Jan (not her real name), an MUIDS student, interviewed her fellow student Rita (not her real name), who is a 12th grade MUIDS student that has become a champion shooter – both in Thailand and overseas. She reveals her path to becoming a successful athlete at such a young age.
When did you start shooting?
I started shooting when I was fifteen years old. The type of rifle I chose was the shotgun; you use it for shooting clay targets which requires more concentration than pistol shooting.
How did you get onto your team?
After training for six months, I participated in a major competition. However, my overall score was not good enough to be included in the top three players. I kept training throughout the year and then became one of my team’s representatives.
How do you train for competitions?
I exercise 3-4 times per week, depending on how much time I have. I do strength, endurance, and balance routines. Cardio workouts are also important because they help me control my breathing, especially when I’m nervous. I also meditate to maintain my concentration throughout competitions.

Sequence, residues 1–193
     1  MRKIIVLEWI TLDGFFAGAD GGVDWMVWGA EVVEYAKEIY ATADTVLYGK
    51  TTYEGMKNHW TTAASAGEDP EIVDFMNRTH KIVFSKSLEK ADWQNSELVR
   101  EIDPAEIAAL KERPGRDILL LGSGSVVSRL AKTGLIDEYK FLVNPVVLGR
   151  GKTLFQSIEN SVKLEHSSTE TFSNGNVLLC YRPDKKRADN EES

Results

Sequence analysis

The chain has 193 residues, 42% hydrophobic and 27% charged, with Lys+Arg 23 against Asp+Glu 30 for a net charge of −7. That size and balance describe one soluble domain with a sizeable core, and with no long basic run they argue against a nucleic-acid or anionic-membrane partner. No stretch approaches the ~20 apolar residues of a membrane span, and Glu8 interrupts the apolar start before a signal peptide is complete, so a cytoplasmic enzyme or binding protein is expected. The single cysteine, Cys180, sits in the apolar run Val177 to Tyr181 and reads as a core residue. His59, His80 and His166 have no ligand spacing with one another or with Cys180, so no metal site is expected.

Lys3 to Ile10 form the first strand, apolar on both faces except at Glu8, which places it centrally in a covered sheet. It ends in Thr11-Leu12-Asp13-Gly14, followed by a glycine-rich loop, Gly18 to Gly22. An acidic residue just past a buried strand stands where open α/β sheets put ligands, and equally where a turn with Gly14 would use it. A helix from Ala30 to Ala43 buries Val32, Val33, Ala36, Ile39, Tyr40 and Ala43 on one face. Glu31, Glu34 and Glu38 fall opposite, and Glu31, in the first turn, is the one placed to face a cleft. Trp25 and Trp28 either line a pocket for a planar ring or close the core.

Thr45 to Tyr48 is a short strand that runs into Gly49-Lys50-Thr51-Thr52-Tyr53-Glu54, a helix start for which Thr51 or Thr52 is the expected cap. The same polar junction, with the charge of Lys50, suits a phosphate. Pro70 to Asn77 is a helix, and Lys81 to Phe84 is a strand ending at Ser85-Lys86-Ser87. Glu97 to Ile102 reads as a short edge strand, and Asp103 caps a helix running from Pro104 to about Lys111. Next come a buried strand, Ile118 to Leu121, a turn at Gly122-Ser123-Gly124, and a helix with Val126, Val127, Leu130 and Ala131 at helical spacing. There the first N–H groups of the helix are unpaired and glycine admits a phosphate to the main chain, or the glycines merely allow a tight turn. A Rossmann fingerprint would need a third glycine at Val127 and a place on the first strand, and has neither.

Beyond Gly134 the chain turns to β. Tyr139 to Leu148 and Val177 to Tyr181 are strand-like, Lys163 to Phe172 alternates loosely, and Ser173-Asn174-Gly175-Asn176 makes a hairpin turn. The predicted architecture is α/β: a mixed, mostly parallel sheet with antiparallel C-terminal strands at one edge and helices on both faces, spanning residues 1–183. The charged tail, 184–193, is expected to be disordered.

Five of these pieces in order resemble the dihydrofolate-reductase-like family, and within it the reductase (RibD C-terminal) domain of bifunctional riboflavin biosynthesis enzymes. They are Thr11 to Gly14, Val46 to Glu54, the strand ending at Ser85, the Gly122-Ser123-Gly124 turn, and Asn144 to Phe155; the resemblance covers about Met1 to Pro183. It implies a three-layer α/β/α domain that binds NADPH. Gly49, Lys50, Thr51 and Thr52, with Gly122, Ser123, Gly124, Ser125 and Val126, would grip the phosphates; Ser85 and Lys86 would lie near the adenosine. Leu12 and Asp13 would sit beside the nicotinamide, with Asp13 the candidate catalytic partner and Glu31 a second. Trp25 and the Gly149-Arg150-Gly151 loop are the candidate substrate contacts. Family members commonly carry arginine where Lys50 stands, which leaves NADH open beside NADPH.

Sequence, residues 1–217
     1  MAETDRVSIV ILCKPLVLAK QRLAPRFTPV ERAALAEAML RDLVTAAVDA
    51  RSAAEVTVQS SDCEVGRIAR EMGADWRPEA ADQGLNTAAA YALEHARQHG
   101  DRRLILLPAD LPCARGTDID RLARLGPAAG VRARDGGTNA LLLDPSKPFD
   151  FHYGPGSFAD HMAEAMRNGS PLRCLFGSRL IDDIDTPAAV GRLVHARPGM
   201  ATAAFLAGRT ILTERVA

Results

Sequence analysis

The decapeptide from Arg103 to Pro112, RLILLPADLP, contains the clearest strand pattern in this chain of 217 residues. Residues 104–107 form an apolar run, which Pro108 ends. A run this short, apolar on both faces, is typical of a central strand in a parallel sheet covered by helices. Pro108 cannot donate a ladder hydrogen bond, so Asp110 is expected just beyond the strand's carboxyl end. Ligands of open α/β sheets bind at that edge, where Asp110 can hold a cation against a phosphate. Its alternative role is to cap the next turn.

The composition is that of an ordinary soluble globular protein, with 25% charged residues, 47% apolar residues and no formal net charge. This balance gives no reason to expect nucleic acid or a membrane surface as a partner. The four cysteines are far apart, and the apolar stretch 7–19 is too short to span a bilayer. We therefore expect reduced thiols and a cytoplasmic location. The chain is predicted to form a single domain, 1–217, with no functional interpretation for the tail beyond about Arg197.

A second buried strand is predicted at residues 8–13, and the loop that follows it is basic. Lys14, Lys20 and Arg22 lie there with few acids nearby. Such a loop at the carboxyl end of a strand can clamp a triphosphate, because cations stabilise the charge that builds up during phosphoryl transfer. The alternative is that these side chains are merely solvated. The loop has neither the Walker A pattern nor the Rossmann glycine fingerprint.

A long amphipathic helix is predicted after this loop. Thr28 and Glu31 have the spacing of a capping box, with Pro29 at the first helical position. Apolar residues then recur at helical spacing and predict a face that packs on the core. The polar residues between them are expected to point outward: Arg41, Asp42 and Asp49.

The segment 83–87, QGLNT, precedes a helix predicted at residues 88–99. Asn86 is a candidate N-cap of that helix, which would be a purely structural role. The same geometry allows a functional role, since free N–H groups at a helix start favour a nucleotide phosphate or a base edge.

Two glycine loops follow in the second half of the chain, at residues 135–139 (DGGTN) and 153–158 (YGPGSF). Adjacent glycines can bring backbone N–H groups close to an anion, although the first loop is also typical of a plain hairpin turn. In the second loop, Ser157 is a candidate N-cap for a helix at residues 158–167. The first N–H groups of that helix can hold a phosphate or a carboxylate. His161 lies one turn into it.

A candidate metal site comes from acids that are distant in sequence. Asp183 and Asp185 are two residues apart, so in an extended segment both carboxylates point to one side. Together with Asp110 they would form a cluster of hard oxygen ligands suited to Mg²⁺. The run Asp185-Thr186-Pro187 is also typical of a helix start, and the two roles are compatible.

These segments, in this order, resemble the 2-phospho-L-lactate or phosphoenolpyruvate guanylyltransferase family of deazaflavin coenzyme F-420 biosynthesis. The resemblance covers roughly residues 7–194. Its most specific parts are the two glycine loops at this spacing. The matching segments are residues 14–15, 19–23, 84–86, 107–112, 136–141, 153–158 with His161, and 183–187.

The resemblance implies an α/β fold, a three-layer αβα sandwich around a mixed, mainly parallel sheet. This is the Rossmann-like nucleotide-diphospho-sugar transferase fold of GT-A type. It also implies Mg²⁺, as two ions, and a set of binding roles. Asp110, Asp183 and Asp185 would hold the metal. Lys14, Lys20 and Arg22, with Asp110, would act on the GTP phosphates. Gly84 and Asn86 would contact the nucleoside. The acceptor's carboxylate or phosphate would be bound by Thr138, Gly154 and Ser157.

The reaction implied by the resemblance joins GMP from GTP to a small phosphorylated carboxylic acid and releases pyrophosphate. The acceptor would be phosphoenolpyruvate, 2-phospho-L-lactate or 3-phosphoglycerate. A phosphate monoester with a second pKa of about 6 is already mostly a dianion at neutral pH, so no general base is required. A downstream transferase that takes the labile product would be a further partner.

How do you balance your time?
I usually know the competition dates ahead of time, so I always organize my schedule around it. I write down deadlines for my school assignments and prioritize them. I rarely have free time because on the weekends I train at the shooting range.
What happens at shooting competitions?
The competitions have several events: skeet, trap, and double trap. I compete in the trap event. For trap, one disc flies out from the clay target launcher in a random direction. I take aim and try to shoot as many of them as possible.
Every athlete must go through the qualification round first. For women, there are 3 rounds in the qualifying period and each round consists of 25 targets. Each target counts as 1 point. The top 6 athletes qualify for the final round. Tied players compete in a shoot off round.
What your greatest challenge on the national team?
The biggest challenge was when the team and I competed overseas. That was my first competition outside of Thailand. I felt a lot of pressure because I was representing my country. I had to manage my emotions, keep myself from worrying too much, and stay focused.
What did you gain from each competition?
I became more self-disciplined and learned how to work through stressful situations. I also learned that the greatest challenge isn’t competing with other athletes, but with myself.